• 81.
    Zafra, Olga
    et al.
    Centro de Biología Molecular 'Severo Ochoa' CSIC-UAM, Campus de Cantoblanco, Madrid, Spain.
    Cava, Felipe
    Centro de Biología Molecular 'Severo Ochoa' CSIC-UAM, Campus de Cantoblanco, Madrid, Spain.
    Blasco, Francis
    Laboratoire de Chimie Bactérienne, Institut de Biologie Structurale et Microbiologie, CNRS 31, Marseille, France.
    Magalon, Axel
    Laboratoire de Chimie Bactérienne, Institut de Biologie Structurale et Microbiologie, CNRS 31, Marseille, France.
    Berenguer, Jose
    Centro de Biología Molecular 'Severo Ochoa' CSIC-UAM, Campus de Cantoblanco, Madrid, Spain.
    Membrane-associated maturation of the heterotetrameric nitrate reductase of Thermus thermophilus2005Ingår i: Journal of Bacteriology, ISSN 0021-9193, E-ISSN 1098-5530, Vol. 187, nr 12, s. 3990-3996Artikel i tidskrift (Refereegranskat)
    Abstract [en]

    The nar operon, coding for the respiratory nitrate reductase of Thermus thermophilus (NRT), encodes a di-heme b-type (NarJ) and a di-heme c-type (NarC) cytochrome. The role of both cytochromes and that of a putative chaperone (NarJ) in the synthesis and maturation of NRT was studied. Mutants of T. thermophilus lacking either NarI or NarC synthesized a soluble form of NarG, suggesting that a putative NarCI complex constitutes the attachment site for the enzyme. Interestingly, the NarG protein synthesized by both mutants was inactive in nitrate reduction and misfolded, showing that membrane attachment was required for enzyme maturation. Consistent with its putative role as a specific chaperone, inactive and misfolded NarG was synthesized by narJ mutants, but in contrast to its Escherichia coli homologue, NarJ was also required for the attachment of the thermophilic enzyme to the membrane. A bacterial two-hybrid system was used to demonstrate the putative interactions between the NRT proteins suggested by the analysis of the mutants. Strong interactions were detected between NarC and NarI and between NarG and NarJ. Weaker interaction signals were detected between NarI, but not NarC, and both NarG and NarH. These results lead us to conclude that the NRT is a heterotetrameric (NarC/NarI/NarG/NarH) enzyme, and we propose a model for its synthesis and maturation that is distinct from that of E. coli. In the synthesis of NRT, a NarCI membrane complex and a soluble NarGJH complex are synthesized in a first step. In a second step, both complexes interact at the cytoplasmic face of the membrane, where the enzyme is subsequently activated with the concomitant conformational change and release of the NarJ chaperone from the mature enzyme.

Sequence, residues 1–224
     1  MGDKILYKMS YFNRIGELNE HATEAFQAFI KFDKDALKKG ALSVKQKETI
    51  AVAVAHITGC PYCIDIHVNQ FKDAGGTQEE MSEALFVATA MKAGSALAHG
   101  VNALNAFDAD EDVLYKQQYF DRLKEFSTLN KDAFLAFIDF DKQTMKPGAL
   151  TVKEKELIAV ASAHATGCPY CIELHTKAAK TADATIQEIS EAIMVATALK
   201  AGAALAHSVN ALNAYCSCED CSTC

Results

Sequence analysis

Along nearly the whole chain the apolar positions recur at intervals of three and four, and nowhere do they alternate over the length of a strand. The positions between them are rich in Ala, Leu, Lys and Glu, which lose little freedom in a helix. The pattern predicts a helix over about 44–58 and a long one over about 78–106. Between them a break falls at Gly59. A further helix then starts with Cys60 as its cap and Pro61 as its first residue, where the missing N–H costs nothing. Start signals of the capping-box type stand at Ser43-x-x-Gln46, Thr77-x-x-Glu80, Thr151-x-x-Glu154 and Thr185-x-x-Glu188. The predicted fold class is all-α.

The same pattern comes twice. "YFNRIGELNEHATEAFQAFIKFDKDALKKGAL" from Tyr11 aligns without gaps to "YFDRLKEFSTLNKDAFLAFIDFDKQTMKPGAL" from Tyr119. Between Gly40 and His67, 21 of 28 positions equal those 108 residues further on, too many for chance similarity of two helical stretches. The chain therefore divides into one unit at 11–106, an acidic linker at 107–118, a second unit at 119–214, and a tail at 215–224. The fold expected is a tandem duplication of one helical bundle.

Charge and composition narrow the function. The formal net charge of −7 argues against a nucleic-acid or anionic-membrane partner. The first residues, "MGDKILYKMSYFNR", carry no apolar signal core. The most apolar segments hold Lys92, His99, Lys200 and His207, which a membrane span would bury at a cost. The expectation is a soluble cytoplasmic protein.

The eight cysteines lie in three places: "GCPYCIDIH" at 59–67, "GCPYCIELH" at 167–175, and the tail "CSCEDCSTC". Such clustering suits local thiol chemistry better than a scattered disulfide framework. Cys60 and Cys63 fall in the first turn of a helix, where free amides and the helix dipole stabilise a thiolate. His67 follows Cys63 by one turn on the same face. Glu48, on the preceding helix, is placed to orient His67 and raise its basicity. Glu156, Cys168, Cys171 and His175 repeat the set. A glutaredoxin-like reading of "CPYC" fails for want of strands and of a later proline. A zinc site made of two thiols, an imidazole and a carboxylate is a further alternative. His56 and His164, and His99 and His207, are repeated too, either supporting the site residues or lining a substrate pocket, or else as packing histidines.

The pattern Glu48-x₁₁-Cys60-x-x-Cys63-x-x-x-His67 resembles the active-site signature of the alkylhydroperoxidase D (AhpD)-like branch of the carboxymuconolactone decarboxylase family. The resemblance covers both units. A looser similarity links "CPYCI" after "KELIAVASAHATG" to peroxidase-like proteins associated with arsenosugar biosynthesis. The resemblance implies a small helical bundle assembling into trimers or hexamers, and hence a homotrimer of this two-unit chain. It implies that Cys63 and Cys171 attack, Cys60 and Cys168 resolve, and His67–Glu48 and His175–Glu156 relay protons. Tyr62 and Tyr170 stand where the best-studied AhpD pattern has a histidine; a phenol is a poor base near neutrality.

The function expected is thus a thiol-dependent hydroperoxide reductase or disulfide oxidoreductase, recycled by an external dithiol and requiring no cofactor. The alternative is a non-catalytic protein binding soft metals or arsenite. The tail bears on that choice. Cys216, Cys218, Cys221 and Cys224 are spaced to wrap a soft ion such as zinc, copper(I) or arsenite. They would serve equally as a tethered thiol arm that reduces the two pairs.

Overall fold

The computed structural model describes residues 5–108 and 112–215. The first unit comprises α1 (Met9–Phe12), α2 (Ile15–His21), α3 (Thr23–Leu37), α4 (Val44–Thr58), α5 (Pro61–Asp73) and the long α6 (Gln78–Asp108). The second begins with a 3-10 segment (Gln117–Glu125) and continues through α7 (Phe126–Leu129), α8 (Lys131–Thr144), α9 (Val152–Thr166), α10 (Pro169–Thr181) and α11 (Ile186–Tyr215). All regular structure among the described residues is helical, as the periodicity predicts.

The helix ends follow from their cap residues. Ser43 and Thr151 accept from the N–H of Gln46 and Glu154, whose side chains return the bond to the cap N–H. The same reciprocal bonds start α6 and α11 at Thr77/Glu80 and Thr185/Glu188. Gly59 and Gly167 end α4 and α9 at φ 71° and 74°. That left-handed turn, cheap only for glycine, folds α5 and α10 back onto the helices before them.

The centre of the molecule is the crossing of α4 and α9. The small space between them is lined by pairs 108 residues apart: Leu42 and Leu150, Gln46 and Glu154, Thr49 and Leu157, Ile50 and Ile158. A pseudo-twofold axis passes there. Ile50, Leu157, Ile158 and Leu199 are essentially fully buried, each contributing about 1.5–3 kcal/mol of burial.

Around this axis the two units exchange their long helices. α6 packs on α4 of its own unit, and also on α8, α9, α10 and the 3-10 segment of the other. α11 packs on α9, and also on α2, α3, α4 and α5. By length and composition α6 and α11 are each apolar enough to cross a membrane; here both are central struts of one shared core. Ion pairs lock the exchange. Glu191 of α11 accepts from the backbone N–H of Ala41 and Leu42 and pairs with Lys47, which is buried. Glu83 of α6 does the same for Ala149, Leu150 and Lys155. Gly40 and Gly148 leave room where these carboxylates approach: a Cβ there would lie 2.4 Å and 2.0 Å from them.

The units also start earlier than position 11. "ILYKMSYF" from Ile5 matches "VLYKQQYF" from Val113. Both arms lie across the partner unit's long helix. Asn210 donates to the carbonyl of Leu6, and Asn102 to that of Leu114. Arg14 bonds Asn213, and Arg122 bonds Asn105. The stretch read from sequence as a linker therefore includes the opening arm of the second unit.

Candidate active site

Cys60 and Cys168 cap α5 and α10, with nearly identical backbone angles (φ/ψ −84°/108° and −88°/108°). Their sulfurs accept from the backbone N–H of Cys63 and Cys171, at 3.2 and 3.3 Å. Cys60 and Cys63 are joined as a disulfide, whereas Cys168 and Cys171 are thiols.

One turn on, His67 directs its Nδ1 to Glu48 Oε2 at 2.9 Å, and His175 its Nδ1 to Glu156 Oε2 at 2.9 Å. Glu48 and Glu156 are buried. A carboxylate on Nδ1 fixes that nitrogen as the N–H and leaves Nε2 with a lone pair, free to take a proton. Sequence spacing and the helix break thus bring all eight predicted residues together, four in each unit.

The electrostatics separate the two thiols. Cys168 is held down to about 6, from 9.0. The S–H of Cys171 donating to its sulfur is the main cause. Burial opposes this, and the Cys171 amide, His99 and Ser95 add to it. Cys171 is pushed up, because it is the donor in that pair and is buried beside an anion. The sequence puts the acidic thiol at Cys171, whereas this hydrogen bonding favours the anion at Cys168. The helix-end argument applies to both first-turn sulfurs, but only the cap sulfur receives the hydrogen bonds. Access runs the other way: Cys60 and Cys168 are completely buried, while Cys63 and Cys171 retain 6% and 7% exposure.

• 82.
    Zafra, Olga
    et al.
    Centro de Biología Molecular 'Severo Ochoa' CSIC-UAM, Campus de Cantoblanco, Madrid, Spain.
    Ramírez, Sandra
    Centro de Biología Molecular 'Severo Ochoa' CSIC-UAM, Campus de Cantoblanco, Madrid, Spain.
    Castán, Pablo
    Centro de Biología Molecular 'Severo Ochoa' CSIC-UAM, Campus de Cantoblanco, Madrid, Spain.
    Moreno, Renata
    Centro de Biología Molecular 'Severo Ochoa' CSIC-UAM, Campus de Cantoblanco, Madrid, Spain.
    Cava, Felipe
    Centro de Biología Molecular 'Severo Ochoa' CSIC-UAM, Campus de Cantoblanco, Madrid, Spain.
    Vallés, Cristina
    Centro de Biología Molecular 'Severo Ochoa' CSIC-UAM, Campus de Cantoblanco, Madrid, Spain.
    Caro, Eddy
    Centro de Biología Molecular 'Severo Ochoa' CSIC-UAM, Campus de Cantoblanco, Madrid, Spain.
    Berenguer, José
    Centro de Biología Molecular 'Severo Ochoa' CSIC-UAM, Campus de Cantoblanco, Madrid, Spain.
    A cytochrome c encoded by the nar operon is required for the synthesis of active respiratory nitrate reductase in Thermus thermophilus2002Ingår i: FEBS Letters, ISSN 0014-5793, E-ISSN 1873-3468, Vol. 523, nr 1-3, s. 99-102Artikel i tidskrift (Refereegranskat)
    Abstract [en]

    A cytochrome c (NarC) is encoded as the first gene of the operon for nitrate respiration in Thermus thermophilus. NarC is required for anaerobic growth and for the synthesis of active nitrate reductase (NR). The alpha and delta subunits (NarG, NarJ) of the NR were constitutively expressed in narC::kat mutants, but NarG appeared in the soluble fraction instead of associated with the membranes. Our data demonstrate for NarC an essential role in the synthesis of active enzyme and for the attachment to the membrane of the respiratory NR from T. thermophilus.

12 51 - 82 av 82
RefereraExporteraLänk till träfflistan
Permanent länk
Referera
Referensformat
  • apa
  • ieee
  • modern-language-association-8th-edition
  • vancouver
  • Annat format
Fler format
Språk
  • de-DE
  • en-GB
  • en-US
  • fi-FI
  • nn-NO
  • nn-NB
  • sv-SE
  • Annat språk
Fler språk
Utmatningsformat
  • html
  • text
  • asciidoc
  • rtf